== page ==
I climbed onto the stretcher and made the midnight call to my husband – come back, we might be having our baby. Again, our car sat in the emergency room parking lot. Again, I was denied food in case we went into surgery. Again, I was hooked up to a magnesium drip, convinced my skin might be on fire and my blood was lava flowing through me. Again, I cried instead of sleeping.
We choked back emotions as we said goodbye for our first time in this new stage. We were supposed to be giggling, giddy for the birth of the baby that would take us from two to three, babymooning, putting together a nursery and dreaming of what life would be like in four months. Instead, Kevin walked out of my hospital room, retrieved our car from the emergency room parking lot and went home alone to the house I would not see again until our baby was born.
With pen and paper thrust toward me, Dr. D asked the question I’d never discussed with my husband, “Knowing the severe complications your baby may face due to prematurity, do you want us to take full resuscitation measures?” I frantically looked from person to person, trying to get a read on the room and have a conversation with my husband via our eyes alone. What was his stance? What is mine? Is this a situation where we go with our gut or is there a deeper level of thinking we’re supposed to reach in the next 25 seconds? I could throw up.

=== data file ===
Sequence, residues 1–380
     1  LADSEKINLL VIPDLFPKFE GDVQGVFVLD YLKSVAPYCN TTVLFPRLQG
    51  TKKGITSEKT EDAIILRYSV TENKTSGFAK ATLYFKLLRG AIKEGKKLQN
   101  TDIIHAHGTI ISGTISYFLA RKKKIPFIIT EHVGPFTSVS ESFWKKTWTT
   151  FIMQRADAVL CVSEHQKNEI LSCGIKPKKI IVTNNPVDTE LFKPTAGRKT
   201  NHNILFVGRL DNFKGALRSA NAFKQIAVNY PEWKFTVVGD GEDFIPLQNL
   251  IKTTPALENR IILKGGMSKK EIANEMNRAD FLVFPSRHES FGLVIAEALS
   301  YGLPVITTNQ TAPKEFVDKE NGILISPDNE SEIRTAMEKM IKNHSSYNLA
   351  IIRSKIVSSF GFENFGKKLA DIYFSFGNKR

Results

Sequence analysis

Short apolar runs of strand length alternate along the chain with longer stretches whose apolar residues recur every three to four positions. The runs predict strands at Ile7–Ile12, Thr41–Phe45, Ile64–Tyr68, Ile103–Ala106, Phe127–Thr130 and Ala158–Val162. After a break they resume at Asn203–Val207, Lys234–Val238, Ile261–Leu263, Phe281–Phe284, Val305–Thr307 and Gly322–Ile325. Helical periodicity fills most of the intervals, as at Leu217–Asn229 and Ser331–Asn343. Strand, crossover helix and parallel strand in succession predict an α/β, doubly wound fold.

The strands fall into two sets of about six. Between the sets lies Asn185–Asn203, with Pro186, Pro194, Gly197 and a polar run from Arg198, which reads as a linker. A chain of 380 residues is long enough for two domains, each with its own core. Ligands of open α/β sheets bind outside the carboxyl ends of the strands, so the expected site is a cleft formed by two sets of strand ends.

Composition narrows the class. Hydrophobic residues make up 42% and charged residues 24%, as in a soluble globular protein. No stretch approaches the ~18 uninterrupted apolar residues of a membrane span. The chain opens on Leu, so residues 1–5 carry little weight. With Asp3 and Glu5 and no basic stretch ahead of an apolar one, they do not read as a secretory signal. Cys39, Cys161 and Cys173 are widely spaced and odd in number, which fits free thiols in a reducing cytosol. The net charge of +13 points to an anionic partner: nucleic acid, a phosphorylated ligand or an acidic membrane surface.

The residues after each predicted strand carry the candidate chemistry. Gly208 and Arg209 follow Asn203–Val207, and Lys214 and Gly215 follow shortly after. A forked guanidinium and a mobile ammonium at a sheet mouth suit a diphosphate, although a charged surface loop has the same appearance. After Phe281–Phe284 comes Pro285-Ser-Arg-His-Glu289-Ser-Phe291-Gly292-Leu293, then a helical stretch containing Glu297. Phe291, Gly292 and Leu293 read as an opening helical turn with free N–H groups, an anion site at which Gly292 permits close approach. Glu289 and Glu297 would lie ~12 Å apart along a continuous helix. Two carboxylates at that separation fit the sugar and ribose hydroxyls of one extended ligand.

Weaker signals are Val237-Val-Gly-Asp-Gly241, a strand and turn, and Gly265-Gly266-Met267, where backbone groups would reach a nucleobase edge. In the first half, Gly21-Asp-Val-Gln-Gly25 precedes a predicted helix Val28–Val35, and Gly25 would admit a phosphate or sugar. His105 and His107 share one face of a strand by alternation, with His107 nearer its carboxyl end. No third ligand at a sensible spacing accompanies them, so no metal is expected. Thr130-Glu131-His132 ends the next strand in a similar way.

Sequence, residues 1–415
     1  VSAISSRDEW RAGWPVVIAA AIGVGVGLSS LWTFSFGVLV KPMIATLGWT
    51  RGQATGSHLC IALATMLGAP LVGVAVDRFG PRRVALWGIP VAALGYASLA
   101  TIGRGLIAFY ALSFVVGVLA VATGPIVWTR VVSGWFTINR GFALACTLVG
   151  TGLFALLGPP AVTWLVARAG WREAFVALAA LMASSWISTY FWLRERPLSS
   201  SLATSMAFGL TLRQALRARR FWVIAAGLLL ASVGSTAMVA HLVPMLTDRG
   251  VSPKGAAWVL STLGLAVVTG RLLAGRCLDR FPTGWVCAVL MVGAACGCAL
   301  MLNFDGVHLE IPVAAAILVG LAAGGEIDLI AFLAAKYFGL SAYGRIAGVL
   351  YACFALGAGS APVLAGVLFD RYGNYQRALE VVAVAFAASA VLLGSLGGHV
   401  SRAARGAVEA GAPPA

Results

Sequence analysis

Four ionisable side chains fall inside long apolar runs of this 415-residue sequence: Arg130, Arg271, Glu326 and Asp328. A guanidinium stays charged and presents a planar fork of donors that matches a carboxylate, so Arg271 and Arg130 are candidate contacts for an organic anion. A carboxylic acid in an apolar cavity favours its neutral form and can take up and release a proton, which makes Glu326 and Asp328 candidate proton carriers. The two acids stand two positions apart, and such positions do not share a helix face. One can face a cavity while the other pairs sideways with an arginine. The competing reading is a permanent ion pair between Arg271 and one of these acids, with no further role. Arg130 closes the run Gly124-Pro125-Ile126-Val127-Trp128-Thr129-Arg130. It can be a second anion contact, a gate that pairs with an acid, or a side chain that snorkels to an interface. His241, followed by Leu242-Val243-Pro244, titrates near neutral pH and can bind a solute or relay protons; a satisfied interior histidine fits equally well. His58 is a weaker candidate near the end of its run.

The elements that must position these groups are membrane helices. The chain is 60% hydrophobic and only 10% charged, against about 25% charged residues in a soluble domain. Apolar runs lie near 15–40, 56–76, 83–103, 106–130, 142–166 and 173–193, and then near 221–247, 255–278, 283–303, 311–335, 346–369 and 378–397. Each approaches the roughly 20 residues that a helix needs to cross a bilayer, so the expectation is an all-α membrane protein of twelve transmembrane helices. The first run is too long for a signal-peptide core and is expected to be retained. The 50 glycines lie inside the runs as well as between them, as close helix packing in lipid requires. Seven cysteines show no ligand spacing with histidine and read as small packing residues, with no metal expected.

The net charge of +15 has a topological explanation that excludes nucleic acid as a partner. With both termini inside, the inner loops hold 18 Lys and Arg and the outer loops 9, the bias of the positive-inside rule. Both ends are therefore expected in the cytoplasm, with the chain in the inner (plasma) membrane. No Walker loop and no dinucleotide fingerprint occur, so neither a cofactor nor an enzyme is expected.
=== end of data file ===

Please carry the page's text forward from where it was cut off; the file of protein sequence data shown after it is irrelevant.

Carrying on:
At 8:00am on the 25th of May, we made our first drive to the Grand Rapids Medical Mile. We navigated parking ramps, elevators named by colors, hallways named by numbers and the many offices packed into various buildings named by donors. We sat anxiously in the waiting room, hopeful not for a great outcome, but even just for some answers. I remember looking at the other couple in the waiting room and realizing I was in a place solely for people with botched pregnancies. How could I belong here?
I don’t know what people thought when they looked at me on Mother’s Day last year. Were their wishes hesitant? Did they make a conscious decision of what to say or not say to me before the even saw me? Did they wonder, like I did, if I would actually be a mother? I was in the darker side of the grey area that is a woman pregnant with her first child on Mother’s Day – with child, my body threatening to be without.
Sure, my womb was all but shutting down, but my baby was still thriving, and as long as she was thriving, there was no reason to change our course.
So we wait. I bleed. I cry. I pray. We wait.
We made the conscious decision to celebrate the gender reveal as if the real meat of this ultrasound wasn’t about placental problems. So off we went to the little, local hospital down the road on a Friday morning, my bladder full, my husband praying for a boy.
To this day, I still can’t really describe the devastation I felt on that day. I’d hoped so badly our pregnancy wouldn’t be defined by the havoc of our issues – that they might be temporary. But on this day, I lost all hope that things could return to normal.
In my heart, I fully believed we were starting our family with this pregnancy. But in my mind, what toyed with me, slaloming in and out of my thoughts, was that we might not even have a baby at the end of this. To go through so much and end up with nothing seemed too unfair to be possible.
The good days felt cruel. We could see right through them. Behind their transparent bliss lurked the bad days. We knew we weren’t out of the woods, but starting blood loss again was harder than starting it in the first place.